TUNIS — In an interview with Tunisian Attessia TV on June 7, Tunisian black artist Salah Misbah accused prominent Tunisian artist Lotfi Bouchnak of racism, saying, “On one occasion when the Ministry of Culture honored us, Bouchnak rejected this on the pretext of me being a ‘wasif’ (servant),” referring to his dark skin.
A photo published by the company Nana Tunisie on June 9 caused much controversy on Facebook because it showed the face of a white woman whose face was painted various skin colors. Activists believe this photo is a type of racism in which blackface is used — blackface is considered deeply offensive.
Comments and reactions were mostly negative. Nana Tunisie deleted the photo and published a post June 12, stressing that it is committed to rejecting racism. The company said it supports all Tunisian women and attached a post with pictures of women of different skin colors.
Speaking on racist practices in Tunisia, Yamina Thabet, president of the nongovernmental organization Tunisian Association for the Support of Minorities, told Al-Monitor that African and dark-skinned Tunisian students suffer racism every day through words or other painful behavior. She said one of the most important problems is that people face racism with silence or denial, making it even more difficult to eliminate.
Thabet said African students have difficulties renting houses and in many other aspects of their daily lives, and she called for better, long-term education to eliminate racist tendencies.
According to Chapter 8 of this law, the perpetrator of the violation or crime is subject to imprisonment for a period ranging from one month to three years, and the fine ranges from 500 dinars ($185) to 3,000 dinars ($1,110). Also, institutions and associations that commit these crimes can be subject to a fine ranging from 5,000 dinars ($1,190) to 15,000 dinars ($3,350).
For his part, Masoud al-Ramadani, former head of the Tunisian Forum for Economic and Social Rights, an independent nongovernmental organization that aims to defend economic and social rights at the national and international levels, told Al-Monitor that many still use abusive words against black people in Tunisia such as “kahlouch” (blackie), noting that some cab drivers refuse to pick up dark-skinned passengers and some stores will not serve dark-skinned people. Some Tunisian families still reject mixed-race relations.
Ziad Rouen, the general coordinator of Mnemty, an association active in the fight against racism, told Al-Monitor that racism is still rooted in the daily practices of some Tunisians. Rouen said the state has not addressed cultural and social problems, as people of color seem absent from the cultural scene and are completely absent from the societal and general fabric of the country and from decision-making centers.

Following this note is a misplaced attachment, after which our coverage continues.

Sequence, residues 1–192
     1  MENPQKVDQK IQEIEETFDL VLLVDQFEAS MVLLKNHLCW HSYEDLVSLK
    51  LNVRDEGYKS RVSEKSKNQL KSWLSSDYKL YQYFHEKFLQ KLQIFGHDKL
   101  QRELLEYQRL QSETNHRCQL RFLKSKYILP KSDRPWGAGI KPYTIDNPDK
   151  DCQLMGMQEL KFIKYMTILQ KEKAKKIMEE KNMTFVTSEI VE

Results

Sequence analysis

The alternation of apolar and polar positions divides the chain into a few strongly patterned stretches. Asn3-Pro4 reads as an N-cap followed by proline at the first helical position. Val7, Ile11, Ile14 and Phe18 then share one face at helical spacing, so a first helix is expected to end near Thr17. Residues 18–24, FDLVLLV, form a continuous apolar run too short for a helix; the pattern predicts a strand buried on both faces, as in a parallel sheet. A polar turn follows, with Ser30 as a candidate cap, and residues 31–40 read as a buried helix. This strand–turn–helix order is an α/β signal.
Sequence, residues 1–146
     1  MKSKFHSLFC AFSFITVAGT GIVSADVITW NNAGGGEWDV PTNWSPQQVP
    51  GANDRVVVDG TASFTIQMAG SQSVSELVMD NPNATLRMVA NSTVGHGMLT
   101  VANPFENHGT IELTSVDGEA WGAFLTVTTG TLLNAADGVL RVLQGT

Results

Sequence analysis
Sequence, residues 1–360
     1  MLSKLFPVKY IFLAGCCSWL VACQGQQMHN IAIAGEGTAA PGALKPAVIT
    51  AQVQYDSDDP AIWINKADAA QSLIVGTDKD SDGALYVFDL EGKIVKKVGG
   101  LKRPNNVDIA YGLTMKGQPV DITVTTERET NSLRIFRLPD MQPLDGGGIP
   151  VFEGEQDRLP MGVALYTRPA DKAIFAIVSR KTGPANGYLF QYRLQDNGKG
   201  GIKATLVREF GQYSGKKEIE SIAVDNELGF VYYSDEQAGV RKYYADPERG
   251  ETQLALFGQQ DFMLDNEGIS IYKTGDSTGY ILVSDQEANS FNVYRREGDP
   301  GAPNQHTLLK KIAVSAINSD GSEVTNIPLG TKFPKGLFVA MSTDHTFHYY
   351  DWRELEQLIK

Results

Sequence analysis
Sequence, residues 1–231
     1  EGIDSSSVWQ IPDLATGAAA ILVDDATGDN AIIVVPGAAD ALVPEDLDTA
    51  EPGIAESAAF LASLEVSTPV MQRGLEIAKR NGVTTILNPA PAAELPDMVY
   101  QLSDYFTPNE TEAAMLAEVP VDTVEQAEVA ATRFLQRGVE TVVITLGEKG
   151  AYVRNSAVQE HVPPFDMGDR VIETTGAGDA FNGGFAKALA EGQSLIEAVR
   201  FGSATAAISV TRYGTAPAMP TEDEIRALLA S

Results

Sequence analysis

Rouen called on the state to thoroughly address the issue of racism by raising public awareness among Tunisians on the necessity to combat this phenomenon, adding that public awareness must begin at childhood.
Noteworthy is that there is only one female black parliament member, Jamila Ksiksi, in Tunisia’s Assembly of the Representatives of the People. Ksiksi — at the beginning of the current parliamentary period on Dec. 4, 2019 — was subject to a racist online campaign by activists supporting the Free Destourian Party following an argument in the assembly between Ksiksi and the head of that party’s bloc, Abeer Moussa, because of her skin color.
Another flagrant aspect of racism in Tunisia is the allocation of separate buses to transport black people in the Kasba area and Sidi Makhlouf from the southern governorate of Medenine in order to avoid the daily quarrels and differences between black and white people there.
Discrimination does not end there, as separate cemeteries are allocated to black people on the southern Tunisian island of Djerba, located on neglected land and known as the slave cemetery. Meanwhile, light-skinned people have two cemeteries in two different locations, with no regard to the ill treatment and discrimination suffered by Africans in Tunisia.
Mehdi Mabrouk, a specialist in sociology and former minister of culture, told Al-Monitor that Tunisia was one of the first countries to abolish slavery and the slave trade in 1846 (before France did in 1848 and the United States in 1865). Mabrouk said there is no discrimination on the ethnic level or skin color in the Tunisian Constitution, adding, “We must work more on the social level to avoid these problems in some of these behaviors that especially emerge when it comes to [mixed] marriage.”
Article 21 of the Tunisian Constitution states that “all citizens, male and female, have equal rights and duties, and are equal before the law without any discrimination.”